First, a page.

Very slow sorting (vs. libstdc++)

In my experiments (using clang++ 14), the following code is up to two orders of magnitude faster with libstdc++ than libc++, with the time difference apparently due to the call to std::sort.

Compiled with -O2 and running on an older CPU, it’s the difference between half a second and 80 seconds.

Any idea why there’s such a huge difference?

#include <string>
#include <algorithm>
#include <cstdlib>

int main()
{
    std::string text;
    for (int i = 0; i < 200000; ++i) text += std::to_string(i);
    size_t numChars = text.size();

    int* suffixes = new int[numChars];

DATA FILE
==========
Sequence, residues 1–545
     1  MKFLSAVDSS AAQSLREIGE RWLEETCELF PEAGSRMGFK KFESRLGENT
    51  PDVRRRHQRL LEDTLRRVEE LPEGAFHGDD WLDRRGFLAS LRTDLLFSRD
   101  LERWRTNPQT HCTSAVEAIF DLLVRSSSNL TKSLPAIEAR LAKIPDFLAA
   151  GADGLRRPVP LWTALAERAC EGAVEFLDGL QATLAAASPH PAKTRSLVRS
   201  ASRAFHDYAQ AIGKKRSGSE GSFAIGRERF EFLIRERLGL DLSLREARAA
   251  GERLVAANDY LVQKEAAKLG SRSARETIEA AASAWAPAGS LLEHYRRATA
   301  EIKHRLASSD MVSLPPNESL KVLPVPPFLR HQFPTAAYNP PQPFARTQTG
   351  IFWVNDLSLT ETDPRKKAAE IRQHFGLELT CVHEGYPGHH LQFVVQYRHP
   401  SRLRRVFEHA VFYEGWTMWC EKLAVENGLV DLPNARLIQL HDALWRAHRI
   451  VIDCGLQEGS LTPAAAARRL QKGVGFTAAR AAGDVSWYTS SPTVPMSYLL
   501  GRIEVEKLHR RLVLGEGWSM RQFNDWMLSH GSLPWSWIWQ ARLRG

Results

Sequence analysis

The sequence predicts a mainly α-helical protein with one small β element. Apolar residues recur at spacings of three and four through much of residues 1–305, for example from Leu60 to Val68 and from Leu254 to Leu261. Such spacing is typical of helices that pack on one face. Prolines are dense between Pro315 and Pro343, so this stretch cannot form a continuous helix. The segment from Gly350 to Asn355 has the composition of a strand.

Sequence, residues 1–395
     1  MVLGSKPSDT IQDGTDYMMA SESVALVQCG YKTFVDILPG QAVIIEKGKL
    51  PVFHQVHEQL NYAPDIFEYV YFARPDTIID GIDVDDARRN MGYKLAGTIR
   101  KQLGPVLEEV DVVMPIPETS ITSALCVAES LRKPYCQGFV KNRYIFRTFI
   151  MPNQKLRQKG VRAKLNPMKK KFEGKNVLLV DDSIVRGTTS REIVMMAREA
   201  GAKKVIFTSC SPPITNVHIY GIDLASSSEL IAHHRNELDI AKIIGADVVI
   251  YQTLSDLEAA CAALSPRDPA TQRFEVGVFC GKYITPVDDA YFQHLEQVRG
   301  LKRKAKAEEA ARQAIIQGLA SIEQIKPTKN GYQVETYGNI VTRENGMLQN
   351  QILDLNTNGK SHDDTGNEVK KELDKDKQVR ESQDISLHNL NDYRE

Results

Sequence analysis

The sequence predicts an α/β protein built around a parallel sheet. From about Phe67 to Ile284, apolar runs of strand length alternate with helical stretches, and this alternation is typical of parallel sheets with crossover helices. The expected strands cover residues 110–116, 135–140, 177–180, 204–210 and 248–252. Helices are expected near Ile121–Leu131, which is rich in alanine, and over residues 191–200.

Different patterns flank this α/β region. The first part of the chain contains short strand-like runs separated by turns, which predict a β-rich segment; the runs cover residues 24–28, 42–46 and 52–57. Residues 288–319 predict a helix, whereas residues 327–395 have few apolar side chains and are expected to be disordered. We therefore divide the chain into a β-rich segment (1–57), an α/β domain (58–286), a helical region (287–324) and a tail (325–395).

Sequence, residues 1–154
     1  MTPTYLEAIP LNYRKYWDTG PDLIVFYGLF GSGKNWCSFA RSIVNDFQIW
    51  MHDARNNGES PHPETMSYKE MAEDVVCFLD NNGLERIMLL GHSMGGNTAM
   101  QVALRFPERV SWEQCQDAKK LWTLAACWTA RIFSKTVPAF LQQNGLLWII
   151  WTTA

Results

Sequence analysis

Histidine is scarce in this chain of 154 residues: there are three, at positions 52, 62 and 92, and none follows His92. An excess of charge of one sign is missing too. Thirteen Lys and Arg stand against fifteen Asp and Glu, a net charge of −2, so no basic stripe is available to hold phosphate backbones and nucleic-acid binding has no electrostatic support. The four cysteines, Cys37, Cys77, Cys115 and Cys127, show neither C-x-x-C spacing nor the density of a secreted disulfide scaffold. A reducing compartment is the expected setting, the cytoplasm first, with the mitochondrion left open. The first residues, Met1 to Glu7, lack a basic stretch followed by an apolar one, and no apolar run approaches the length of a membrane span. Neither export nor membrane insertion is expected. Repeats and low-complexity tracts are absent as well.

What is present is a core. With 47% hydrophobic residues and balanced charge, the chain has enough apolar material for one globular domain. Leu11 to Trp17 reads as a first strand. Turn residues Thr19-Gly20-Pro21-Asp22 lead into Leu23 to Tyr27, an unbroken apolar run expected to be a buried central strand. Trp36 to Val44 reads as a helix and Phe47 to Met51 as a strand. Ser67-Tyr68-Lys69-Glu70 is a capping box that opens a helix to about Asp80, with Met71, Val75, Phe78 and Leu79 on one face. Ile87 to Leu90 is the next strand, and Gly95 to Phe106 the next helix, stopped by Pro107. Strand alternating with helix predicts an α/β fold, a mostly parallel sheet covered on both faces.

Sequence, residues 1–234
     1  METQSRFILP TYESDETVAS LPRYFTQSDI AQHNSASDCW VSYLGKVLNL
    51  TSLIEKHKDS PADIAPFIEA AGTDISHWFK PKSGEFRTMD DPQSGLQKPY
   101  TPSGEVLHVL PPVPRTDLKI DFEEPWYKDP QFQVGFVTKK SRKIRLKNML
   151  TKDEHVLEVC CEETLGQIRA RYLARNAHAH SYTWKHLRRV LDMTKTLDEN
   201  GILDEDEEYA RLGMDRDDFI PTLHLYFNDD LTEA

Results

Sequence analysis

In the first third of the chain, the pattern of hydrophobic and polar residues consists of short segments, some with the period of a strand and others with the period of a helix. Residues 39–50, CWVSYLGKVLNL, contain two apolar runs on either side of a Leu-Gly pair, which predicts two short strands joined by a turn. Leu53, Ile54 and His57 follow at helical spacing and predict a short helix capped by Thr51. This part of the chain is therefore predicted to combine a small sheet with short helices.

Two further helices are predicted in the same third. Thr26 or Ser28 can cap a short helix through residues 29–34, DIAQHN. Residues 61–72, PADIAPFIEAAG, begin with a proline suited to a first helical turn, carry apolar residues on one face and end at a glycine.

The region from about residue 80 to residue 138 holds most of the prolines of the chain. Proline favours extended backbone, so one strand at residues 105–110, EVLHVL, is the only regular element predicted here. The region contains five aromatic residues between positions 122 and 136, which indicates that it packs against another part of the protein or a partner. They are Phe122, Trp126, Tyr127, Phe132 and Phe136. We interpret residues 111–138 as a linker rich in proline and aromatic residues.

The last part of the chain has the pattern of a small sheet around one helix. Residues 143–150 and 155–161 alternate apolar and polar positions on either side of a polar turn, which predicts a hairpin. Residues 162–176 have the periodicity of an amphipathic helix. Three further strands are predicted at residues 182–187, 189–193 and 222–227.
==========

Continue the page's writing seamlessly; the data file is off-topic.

for (size_t i = 0; i < numChars; i++) suffixes[i] = i;
    
    std::sort (suffixes, suffixes+numChars,
               [&](int x, int y) {
                         return std::lexicographical_compare(
                            text.begin()+x,
                            text.end(),
                            text.begin()+y,
                            text.end());} );

}

Context: this is the core of a naive “suffix array” algorithm. We start with a std::string text (here about 1MB long), and create an array containing all suffixes of this string, where each suffix is represented with an int (the index of the character where that suffix begins). The call to sort then sorts these suffixes alphabetically.

The timing difference does not seem to be due to the specific contents of the string text; libc++ is still much slower if the string contains something more interesting like the text of Moby Dick.